Written by volunteer at Wright-Locke Farm, Betsy Block
When the All-Seasons Barn goes up on the farm next fall, it will provide a comfortable indoor space for Wright Locke to offer programs, classes, demonstrations, music and more, all year long. The farm staff envisions the barn as a welcoming place where greater Bostonians of all ages can learn, connect and be inspired. An important part of this vision is continuing to expand the farm’s commitment to sustainability far beyond farming. But the All-Seasons Barn won’t just be a place to educate locals about carbon emissions and low-impact living; the barn itself will actually embody these ideals. In this way, the barn will be a living model of how to move toward a more sustainable and humane future for us all.
Susan McPhee, Energy Conservation Coordinator and farm board member, explains the beautiful synchrony that will power the building. First, the temperature inside will rely on geothermal heating and cooling. Very deep wells – descending up to 500 feet into the ground – call on the earth’s static temperature of around 55 – 65 degrees F to provide cool air in the summer and to bring relatively warm air (warmer than a Boston winter!) up in winter. The heat gap on cold winter days between the somewhat chilly “earth air” and a more comfortable temperature will be bridged by a motor, but even the small amount of energy needed to power it will come from electricity provided by rooftop solar panels. These panels will also light the building, run computers, keep the kitchen up and running for cooking classes and on and on. Speaking of lighting, the farm staff is looking into highly efficient LEDs.
Furthermore, notes Colleen Ryan Soden, LEED AP BDC, IDC, who is the sustainability advisor for the barn project, the farm is looking into the possibility of having the barn walls built offsite. Doing this provides several benefits: the walls are never out in any weather so there’s no concern about moisture, the project can be completed faster because it’s all done in one place by one coordinated team, and it promotes what she calls a “closed-loop system,” where you can get “an ultra-tight envelope,” greatly minimizing (if not practically eliminating) leaks around windows and doors. Finally, the walls will be super-insulated, thereby retaining all that cool air in summer and warm air in winter.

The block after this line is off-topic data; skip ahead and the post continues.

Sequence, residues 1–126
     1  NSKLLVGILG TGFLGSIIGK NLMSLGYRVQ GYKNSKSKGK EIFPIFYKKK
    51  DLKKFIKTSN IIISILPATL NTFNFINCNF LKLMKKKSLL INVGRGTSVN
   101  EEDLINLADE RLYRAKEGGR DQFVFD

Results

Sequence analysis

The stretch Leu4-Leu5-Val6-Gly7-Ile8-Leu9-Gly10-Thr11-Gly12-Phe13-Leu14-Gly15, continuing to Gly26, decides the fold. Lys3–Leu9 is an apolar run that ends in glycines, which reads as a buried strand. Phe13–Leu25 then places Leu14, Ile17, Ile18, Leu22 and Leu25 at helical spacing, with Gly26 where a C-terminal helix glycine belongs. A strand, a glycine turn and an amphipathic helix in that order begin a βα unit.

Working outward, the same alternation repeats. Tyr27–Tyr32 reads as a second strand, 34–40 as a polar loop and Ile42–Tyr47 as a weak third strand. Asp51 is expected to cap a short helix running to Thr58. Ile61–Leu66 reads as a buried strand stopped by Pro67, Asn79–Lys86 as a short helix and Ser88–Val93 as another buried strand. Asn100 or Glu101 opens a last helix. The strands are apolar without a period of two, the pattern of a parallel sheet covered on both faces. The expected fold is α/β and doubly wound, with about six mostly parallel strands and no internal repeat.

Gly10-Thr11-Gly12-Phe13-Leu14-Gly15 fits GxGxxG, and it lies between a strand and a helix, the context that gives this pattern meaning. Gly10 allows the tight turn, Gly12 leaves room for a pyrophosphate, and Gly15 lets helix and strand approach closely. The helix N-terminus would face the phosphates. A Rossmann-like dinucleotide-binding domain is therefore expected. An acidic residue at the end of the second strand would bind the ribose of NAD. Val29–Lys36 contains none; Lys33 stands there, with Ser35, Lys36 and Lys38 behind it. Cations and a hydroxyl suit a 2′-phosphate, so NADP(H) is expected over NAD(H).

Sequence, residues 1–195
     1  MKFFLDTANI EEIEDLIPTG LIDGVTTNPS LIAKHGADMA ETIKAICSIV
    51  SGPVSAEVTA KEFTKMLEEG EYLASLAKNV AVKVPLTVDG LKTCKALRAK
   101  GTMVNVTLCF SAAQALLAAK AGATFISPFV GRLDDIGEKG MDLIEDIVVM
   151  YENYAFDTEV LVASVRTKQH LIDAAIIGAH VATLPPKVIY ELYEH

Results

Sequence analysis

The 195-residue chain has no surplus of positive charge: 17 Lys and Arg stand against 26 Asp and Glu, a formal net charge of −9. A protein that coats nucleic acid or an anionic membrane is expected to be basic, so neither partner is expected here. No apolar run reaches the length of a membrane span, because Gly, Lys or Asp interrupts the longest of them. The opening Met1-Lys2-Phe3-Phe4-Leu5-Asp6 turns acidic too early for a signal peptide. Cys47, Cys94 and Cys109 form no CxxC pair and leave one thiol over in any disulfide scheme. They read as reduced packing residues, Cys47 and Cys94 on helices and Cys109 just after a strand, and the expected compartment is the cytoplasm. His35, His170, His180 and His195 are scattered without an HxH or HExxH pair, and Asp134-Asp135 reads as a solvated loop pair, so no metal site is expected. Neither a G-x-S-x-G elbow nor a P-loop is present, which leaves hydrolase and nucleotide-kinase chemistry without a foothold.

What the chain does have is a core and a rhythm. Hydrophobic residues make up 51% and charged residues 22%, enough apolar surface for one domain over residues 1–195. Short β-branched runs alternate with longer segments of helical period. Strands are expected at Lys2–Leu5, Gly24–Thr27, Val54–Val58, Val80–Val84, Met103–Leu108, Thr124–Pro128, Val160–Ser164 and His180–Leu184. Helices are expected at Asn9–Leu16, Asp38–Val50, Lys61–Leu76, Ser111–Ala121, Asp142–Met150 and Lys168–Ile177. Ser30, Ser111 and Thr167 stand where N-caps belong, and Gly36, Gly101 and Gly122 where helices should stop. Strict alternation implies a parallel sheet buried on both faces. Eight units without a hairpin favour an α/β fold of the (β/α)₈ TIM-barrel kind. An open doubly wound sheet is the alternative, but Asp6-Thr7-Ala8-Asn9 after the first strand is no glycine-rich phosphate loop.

It’s a win-win-win-win any way you look at it.
What’s the downside to all of these earth-loving systems? They cost more upfront to purchase and install, there’s no doubt about it. However, not only do geothermal and other earth-friendly systems last much longer than boilers – up to 10 times longer, or even more – when you amortize the upfront costs and factor in governmental incentives, the return on investment shows that doing things the right way from the start makes the most sense environmentally, yes, but also financially.
Still, building a low-impact, high-quality, earth-friendly barn is not cheap. There are always costs to any project. The question is, how much cost, in what form, and who will really be footing the bill in the end? Soden again: “If we make the right choices in the beginning, we reap the rewards in the long term. We save money and ameliorate climate change impacts. It’s the way we all need to go.”
Water’s another consideration, and the farm is looking at ways to use non-potable storm water for toilets or irrigation. This is a double positive because capturing rainwater can also mitigate flooding. Energy modeling exercises will help determine which features the farm wants to pursue when considering both energy footprint and cost; e.g., whether to fund superinsulation or triple pane windows, for example.
“First, people need to be healthy and happy in this space,” Soden asserts. “Then we want to make our impact as small as possible from a carbon standpoint. And finally, we want to use the barn as an educational tool – to show how we can make beautiful, vibrant spaces that are economically feasible and also enjoyable for people to use.”
After conversations around sustainability with committed farm supporters like you, we are excited to report that we’ve received a $75,000 match challenge earmarked to help Make the All Seasons Barn GREEN. With your generous support, the campaign will cover nearly half of the cost to use geothermal, solar, and other energy efficient approaches. Make your donation by June 21st to be counted towards the GREEN Match and leave a lasting legacy.
Right now, your donation has 2x the power to do good!